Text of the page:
I referenced the bipolar managerial styles of Newtonians and Darwinians in my 2006 DMReview.com article The Many Rooms of the Organization Mansion.1 The Newtonians like to manage quantitative-oriented things such as operations management and finance. Their mechanical thinking relies on an MBA run-by-the-numbers management approach. They see the world and everything in it as a big machine, and they seek the levers, pulleys and dials. This managerial approach speaks in terms of production, power, efficiency and control, where employees are hired to be used and periodically replaced, somewhat as if they were disposable robots.
In contrast, Darwinians like the soft behavioral areas such as change management, ethics and leadership. They recognize that people and human behavior matter most in improving performance. They view an organization as a living organism that is ever-changing with sense-and-respond reactions to its environment. This Darwinian way of thinking speaks in terms of evolution, continuous learning, natural response and adapting to changing conditions.2
I sense that more managers of organizations are Newtonians, which is ironic. An organizations employees represent a significant component of its total value and an equally significant component of its expenses. Yet few organizations manage this enormous and essential asset in a strategic way. Human resources (HR) and personnel departments have traditionally been mired in daily administrative activities and viewed solely as tactical support. Shouldnt HR look for ways to perform more strategically as part of the executive team and as a critical partner with business managers?
What Prevents the HR Department from Being More Strategic?
Some HR teams reinforce the perception that they are tactical rather than strategic by focusing on recruiting and benefits administration rather than on optimizing human capital to align with the executive teams strategic objectives. Even with this administrative emphasis there are problems. In my opinion, HR departments are not reacting quickly enough to the imminent retirement of an aging workforce. These workers are being replaced by a considerably less organization-loyal generation that is more focused on their individual careers. A skills gap for organizations is inevitable. Most organizations havent quantified the effect of this gap, which could explain why they are slow to respond. Inevitably, traditional HR recruitment and training options will need to be revamped to attract the younger millennial workforce.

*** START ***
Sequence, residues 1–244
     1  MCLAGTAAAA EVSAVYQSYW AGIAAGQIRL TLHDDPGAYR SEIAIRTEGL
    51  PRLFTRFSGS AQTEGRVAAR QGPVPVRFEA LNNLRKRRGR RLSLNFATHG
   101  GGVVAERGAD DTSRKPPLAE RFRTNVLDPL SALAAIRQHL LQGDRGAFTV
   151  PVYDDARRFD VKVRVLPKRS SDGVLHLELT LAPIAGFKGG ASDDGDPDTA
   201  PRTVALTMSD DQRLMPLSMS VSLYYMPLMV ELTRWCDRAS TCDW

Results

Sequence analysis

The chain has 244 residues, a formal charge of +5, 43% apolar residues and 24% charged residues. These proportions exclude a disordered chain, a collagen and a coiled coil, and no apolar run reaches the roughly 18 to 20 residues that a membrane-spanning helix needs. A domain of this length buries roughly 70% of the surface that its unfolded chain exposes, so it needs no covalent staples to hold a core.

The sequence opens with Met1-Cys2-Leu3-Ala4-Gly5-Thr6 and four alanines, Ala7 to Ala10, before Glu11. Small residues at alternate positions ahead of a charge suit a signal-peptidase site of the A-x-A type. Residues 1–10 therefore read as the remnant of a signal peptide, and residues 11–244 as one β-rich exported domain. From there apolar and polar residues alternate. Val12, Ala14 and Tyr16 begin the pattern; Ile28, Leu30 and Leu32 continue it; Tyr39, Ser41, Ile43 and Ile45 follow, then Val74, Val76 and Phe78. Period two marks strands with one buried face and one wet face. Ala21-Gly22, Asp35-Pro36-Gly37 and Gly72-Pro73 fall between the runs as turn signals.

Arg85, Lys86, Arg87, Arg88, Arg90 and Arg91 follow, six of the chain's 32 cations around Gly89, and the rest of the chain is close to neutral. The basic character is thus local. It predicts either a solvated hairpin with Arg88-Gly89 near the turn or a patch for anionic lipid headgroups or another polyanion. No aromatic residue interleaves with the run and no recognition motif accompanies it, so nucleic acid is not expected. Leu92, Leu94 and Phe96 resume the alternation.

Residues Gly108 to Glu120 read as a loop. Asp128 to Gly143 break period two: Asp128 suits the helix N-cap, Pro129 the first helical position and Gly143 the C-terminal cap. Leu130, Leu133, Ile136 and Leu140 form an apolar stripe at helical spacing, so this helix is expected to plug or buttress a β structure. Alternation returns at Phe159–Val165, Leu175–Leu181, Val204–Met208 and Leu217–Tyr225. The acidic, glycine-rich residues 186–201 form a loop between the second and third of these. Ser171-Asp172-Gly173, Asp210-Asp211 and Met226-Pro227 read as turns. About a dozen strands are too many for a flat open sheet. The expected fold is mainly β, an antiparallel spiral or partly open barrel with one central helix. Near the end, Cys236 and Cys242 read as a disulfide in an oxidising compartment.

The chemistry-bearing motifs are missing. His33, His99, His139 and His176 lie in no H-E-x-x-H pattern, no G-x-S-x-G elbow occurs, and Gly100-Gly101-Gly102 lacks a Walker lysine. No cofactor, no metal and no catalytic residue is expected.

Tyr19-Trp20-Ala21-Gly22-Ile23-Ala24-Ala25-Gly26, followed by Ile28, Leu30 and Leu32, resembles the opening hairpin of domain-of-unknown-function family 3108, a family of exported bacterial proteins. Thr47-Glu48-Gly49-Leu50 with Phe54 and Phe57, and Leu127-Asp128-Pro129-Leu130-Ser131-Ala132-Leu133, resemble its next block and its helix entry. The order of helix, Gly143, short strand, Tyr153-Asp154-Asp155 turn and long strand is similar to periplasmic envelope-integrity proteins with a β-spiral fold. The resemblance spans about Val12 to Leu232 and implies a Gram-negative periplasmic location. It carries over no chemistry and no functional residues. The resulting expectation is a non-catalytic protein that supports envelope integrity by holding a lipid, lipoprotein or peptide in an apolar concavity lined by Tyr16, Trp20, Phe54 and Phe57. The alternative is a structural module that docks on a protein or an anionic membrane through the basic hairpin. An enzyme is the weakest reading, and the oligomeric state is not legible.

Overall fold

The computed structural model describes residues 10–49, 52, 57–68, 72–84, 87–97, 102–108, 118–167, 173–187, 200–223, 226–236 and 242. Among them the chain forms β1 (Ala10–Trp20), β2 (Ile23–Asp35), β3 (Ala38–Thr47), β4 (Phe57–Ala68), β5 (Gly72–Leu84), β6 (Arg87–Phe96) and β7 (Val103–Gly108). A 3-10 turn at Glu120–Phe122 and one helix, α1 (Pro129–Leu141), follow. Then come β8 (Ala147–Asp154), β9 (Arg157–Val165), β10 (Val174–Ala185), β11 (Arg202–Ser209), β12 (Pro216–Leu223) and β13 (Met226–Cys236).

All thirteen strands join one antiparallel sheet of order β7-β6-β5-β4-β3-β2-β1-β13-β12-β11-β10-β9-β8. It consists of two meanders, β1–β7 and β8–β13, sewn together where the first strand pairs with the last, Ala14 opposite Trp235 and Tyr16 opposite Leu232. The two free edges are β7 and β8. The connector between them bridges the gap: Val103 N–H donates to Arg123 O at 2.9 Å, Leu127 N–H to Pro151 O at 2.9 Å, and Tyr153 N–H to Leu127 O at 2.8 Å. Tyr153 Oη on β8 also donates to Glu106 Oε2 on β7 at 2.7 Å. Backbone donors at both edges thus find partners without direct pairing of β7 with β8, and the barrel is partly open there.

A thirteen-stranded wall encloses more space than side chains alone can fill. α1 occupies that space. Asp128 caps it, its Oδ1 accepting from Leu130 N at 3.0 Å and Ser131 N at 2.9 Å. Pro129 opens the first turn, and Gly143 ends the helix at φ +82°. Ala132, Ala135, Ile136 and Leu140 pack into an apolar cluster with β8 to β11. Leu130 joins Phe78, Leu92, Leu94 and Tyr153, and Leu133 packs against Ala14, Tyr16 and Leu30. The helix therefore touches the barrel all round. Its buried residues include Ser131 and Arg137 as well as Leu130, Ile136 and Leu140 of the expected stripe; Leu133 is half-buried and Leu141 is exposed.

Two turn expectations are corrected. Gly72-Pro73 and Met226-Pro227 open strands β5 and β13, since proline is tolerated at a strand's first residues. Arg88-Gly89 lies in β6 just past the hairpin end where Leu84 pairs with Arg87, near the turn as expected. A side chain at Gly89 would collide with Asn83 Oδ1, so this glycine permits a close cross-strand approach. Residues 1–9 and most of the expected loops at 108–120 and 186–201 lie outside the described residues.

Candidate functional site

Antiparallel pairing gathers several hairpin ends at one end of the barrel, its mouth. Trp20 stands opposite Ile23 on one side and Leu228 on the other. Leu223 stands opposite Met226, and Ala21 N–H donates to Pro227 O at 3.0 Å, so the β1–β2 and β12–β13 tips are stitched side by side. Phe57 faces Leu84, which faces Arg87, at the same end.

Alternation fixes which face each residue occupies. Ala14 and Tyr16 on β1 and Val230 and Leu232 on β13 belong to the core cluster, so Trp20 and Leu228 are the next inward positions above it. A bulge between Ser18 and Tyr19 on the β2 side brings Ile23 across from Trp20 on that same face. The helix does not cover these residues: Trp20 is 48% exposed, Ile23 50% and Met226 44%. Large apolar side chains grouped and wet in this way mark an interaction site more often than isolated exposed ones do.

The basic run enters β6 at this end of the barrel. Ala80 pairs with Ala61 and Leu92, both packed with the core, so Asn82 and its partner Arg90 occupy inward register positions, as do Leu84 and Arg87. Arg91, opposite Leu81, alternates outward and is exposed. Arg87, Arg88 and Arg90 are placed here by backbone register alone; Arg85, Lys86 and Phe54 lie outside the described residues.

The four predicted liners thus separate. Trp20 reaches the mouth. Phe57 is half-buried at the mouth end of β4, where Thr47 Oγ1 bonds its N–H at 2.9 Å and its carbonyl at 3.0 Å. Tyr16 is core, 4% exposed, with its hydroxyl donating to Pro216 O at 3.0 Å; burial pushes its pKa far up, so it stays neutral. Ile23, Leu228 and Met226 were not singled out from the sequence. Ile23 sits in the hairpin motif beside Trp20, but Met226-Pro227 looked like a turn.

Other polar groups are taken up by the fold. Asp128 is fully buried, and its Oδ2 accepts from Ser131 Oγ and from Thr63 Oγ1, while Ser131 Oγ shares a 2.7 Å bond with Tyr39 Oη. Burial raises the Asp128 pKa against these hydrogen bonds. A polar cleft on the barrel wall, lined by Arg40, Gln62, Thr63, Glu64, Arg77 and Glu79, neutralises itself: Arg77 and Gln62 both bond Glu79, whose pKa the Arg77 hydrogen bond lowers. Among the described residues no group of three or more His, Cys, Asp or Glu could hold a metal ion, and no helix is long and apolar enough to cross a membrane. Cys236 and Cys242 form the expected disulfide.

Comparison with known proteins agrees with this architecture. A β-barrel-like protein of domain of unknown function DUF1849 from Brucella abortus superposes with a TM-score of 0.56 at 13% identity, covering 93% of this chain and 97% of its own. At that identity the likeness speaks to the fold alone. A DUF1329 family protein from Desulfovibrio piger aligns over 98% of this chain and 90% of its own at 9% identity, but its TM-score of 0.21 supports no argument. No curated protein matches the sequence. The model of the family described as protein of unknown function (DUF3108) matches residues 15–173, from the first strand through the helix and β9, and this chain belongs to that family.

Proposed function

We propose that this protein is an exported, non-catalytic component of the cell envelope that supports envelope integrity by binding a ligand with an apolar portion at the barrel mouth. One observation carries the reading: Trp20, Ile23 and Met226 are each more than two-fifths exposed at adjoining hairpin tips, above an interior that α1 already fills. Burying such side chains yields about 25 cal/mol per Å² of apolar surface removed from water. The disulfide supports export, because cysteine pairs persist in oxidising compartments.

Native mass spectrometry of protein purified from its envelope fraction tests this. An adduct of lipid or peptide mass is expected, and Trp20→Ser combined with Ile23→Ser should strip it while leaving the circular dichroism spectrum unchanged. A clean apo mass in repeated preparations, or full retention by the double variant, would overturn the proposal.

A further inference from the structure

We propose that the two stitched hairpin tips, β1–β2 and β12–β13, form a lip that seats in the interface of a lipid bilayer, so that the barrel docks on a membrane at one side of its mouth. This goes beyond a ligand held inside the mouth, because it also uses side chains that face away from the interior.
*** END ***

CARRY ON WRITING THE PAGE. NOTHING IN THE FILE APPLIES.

Admittedly, data and information about an organizations workforce can be a problem. Most organizations do not have all their relevant and specific human capital information in one place. It is scattered and often resides in disconnected spreadsheets, which makes it tough to think strategically about matching future workforce skills with the organizations needs. In some cases, HR may not even know how many full-time employees are on the payroll, or they may have different headcount numbers than the finance department.
At some point, HR needs to demonstrate its value in training and developing its existing and future workforce.
Advancing from HR to Strategic Human Capital Management
Similar to Newtonian-style managers who are being equipped with technologies that support their enterprise performance management methodologies, HR teams also need decision-support methods to help their organizations achieve constantly changing strategic objectives (and gain a seat for themselves at the executive table). Fortunately there is hope. Current information technology can give HR new insights and value from the data they already have, from systems that are already in place throughout their organization and third-party data. This is strategic human capital management (HCM), often referred to as workforce analytics. HCM aids in aligning the behavior, priorities and work of managers and employee teams with the executives strategic objectives derived from their strategy formulation.
One area where HR can use help is in determining the chasm between the skills and abilities of what an organization has and what it needs. With a robust HCM workforce planning system, an organization can project the number and types of employees needed to execute its executives strategy. It would no longer have to muddle its way through periodic layoffs and tardy recruiting of new employees. It would better anticipate workforce needs and, in many cases, retrain employees for approaching needs.